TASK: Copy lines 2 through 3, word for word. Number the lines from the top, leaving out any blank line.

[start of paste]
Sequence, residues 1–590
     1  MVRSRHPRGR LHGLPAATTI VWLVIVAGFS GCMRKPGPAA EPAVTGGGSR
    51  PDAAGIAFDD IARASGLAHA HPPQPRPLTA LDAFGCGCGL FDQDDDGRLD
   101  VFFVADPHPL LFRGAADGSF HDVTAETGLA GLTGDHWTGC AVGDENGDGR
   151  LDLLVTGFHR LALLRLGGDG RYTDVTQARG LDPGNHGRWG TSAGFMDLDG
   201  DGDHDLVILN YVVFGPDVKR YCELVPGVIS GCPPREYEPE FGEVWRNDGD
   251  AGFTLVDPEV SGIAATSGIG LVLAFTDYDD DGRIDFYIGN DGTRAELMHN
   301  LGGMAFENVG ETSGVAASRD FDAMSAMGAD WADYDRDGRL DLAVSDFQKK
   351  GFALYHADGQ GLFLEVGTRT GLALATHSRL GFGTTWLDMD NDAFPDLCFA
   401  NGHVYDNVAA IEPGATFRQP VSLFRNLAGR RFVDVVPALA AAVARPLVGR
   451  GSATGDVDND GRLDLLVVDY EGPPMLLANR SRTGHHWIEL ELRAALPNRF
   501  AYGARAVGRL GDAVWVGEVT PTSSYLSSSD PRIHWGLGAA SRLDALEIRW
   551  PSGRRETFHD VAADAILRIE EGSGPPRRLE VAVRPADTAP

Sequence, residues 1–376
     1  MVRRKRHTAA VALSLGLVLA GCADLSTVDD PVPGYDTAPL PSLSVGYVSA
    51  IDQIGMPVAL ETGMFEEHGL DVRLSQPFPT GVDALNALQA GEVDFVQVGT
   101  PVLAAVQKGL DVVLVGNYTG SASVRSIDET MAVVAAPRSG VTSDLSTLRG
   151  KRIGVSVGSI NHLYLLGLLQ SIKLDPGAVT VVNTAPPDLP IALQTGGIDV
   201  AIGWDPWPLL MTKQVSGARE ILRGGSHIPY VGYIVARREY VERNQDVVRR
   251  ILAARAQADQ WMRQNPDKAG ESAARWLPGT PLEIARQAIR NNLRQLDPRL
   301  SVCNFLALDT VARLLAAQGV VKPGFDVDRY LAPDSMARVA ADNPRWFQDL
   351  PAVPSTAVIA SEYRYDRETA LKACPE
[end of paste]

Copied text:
     1  MVRSRHPRGR LHGLPAATTI VWLVIVAGFS GCMRKPGPAA EPAVTGGGSR
    51  PDAAGIAFDD IARASGLAHA HPPQPRPLTA LDAFGCGCGL FDQDDDGRLD